This 65 year-old man had had a five-year history of recurrent bilateral conjunctivitis. He is now registered blind and has the above appearance.
a. What is the diagnosis?Ocular cicatricial pemphigoid.
Figure 1 shows right ptosis (due to adhesion between the tarsal conjunctiva and bulbar conjunctiva and cornea) and misdirection of the right upper eyelashes. Figure 2 shows scarring of the cornea with neovascularization, symblepharon, scarring and shallowing of the inferior fornix.
b. What are the causes of blindness in this condition?Ocular cicatricial pemphigoid causes blindness through:
- Severe dry eyes. This is caused by the destruction of the goblet cells and accessory lacrimal glands through repeated inflammation. This can lead to keratitis and corneal keratinization.
- Scarring of the conjunctiva leads to cicatricial entropion and trichiasis causing corneal scarring.
c. What treatment may slow the progression of this condition?Steroid is useful in reducing the acute inflammation in the short term but does not appear to affect the progression of the disease. Dapsone is used in conjunction as a long term treatment as it can slow the progression. If the response to dapsone is limited, then immunosuppressive drugs such as methorexate, azathioprine or cylocphosphamide can be used.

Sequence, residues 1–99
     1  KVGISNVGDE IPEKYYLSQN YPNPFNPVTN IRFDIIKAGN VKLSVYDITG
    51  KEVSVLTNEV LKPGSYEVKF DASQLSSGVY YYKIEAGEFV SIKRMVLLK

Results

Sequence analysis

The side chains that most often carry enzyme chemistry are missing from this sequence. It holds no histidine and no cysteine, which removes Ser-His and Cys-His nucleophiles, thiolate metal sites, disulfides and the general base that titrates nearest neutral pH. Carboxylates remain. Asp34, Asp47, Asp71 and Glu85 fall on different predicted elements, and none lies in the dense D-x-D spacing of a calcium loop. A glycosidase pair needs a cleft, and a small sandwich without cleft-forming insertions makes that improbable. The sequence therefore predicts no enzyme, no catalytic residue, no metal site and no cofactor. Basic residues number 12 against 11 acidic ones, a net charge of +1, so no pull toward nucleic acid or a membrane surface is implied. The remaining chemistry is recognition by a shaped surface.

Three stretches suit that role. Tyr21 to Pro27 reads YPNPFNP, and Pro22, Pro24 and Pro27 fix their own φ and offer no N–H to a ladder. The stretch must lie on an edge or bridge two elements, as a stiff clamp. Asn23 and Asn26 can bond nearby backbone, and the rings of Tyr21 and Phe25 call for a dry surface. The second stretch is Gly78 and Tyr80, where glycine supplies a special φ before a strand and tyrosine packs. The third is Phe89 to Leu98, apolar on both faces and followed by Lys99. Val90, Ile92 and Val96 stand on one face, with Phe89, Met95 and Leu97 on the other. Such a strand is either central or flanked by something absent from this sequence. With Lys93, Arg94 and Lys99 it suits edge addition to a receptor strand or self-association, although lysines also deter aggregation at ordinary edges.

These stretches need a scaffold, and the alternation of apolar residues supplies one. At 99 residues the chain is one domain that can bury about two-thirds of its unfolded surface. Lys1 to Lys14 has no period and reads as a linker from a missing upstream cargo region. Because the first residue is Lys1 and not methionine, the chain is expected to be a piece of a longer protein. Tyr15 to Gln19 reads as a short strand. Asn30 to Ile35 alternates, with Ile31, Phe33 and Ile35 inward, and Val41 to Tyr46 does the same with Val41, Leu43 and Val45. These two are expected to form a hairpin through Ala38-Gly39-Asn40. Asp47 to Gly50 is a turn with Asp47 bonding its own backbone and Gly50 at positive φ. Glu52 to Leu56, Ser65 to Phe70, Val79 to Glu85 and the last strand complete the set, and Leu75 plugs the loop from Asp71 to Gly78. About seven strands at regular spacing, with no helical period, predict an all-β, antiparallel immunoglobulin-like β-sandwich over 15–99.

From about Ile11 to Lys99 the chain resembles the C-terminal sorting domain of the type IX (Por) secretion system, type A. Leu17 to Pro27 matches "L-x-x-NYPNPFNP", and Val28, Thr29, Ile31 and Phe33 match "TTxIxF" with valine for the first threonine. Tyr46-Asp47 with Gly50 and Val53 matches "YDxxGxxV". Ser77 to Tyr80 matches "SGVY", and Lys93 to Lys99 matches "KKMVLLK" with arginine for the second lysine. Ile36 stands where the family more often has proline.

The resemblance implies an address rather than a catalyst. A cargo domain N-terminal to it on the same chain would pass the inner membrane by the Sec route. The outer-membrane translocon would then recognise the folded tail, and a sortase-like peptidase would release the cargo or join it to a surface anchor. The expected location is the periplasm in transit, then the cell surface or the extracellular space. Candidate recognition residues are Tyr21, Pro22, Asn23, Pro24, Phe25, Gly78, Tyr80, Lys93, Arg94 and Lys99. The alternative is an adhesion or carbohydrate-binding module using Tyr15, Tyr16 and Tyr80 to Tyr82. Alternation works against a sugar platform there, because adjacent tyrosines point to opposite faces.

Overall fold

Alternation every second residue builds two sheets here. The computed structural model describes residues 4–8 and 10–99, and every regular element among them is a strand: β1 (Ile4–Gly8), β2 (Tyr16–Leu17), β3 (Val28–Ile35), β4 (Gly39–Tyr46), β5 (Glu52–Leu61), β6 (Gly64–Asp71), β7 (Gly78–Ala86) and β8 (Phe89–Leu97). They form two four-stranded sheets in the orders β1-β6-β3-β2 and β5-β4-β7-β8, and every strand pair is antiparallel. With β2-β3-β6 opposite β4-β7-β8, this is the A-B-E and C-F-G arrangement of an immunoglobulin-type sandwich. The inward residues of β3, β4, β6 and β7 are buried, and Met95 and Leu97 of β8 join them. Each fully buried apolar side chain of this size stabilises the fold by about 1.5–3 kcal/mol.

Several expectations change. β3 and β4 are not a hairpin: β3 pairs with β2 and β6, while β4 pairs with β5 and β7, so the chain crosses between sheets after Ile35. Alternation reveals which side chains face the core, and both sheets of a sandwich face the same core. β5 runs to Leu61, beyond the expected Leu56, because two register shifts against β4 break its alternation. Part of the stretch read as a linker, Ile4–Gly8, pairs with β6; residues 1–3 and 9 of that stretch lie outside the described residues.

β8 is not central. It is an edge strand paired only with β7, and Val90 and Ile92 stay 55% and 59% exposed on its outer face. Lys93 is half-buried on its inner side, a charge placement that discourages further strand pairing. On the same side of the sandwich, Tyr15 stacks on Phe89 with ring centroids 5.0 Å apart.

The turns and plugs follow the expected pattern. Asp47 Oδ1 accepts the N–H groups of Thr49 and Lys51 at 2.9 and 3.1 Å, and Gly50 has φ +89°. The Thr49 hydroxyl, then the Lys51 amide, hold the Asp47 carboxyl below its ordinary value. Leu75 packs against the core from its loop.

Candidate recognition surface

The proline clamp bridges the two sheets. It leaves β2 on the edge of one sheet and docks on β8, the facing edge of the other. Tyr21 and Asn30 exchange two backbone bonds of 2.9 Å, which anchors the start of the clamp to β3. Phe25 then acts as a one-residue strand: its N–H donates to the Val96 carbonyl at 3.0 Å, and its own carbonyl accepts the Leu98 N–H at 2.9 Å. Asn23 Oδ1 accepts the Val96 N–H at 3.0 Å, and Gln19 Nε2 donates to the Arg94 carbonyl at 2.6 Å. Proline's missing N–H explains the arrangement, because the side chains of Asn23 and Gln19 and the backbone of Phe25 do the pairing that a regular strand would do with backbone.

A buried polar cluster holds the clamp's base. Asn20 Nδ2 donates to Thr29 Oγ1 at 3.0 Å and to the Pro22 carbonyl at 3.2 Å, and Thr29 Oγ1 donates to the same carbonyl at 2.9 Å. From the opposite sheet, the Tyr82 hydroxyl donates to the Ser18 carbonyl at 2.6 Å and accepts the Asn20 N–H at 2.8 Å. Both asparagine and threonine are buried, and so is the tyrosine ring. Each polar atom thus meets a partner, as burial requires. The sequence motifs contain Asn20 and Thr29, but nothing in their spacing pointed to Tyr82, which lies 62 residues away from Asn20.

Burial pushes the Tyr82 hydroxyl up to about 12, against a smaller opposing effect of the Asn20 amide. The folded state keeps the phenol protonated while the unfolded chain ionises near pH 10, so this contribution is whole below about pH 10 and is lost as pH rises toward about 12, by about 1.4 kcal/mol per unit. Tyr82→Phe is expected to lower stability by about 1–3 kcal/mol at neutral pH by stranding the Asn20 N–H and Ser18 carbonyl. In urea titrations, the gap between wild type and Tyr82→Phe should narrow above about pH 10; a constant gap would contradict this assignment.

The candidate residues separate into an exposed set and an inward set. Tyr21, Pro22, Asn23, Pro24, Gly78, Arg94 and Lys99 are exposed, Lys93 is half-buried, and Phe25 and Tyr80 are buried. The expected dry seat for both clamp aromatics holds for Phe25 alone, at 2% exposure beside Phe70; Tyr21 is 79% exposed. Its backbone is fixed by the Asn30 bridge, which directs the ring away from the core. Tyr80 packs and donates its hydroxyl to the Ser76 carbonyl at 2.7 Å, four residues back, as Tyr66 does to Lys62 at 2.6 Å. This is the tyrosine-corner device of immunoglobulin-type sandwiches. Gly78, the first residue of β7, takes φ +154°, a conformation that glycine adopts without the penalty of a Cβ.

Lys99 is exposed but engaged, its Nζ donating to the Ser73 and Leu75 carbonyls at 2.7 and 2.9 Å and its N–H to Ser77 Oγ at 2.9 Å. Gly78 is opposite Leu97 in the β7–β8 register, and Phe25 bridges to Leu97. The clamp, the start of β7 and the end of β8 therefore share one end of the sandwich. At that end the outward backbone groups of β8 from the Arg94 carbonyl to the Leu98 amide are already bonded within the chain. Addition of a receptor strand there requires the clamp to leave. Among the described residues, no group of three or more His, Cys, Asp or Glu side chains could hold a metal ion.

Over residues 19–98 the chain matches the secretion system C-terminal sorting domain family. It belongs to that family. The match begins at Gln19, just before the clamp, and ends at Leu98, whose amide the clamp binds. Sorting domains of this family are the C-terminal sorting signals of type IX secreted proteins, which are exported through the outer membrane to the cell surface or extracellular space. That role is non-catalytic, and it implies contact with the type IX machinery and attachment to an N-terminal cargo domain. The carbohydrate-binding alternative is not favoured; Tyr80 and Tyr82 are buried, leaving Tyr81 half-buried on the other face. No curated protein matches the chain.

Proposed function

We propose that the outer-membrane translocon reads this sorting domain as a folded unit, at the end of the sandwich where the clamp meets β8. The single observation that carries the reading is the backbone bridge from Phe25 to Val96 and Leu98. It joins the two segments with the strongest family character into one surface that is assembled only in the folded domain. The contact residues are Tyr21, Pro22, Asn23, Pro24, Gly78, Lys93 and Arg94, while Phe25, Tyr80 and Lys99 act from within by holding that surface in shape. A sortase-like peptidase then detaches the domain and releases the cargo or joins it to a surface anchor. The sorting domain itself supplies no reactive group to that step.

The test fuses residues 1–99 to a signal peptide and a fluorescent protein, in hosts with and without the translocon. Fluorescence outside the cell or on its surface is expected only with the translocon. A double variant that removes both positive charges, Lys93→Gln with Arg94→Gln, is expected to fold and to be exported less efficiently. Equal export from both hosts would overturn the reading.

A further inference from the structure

d. Which parts of the body may also be involved in this condition?Ocular cicatricial pemphigoid is a systemic disease affecting the mucous membrane and the skin. In addition to the eye, inflammation and scarring of the mucous membrane can occur in the oesophagus, trachea, pharynx, vagina and urethra. Involvement can occur but does not lead to scarring.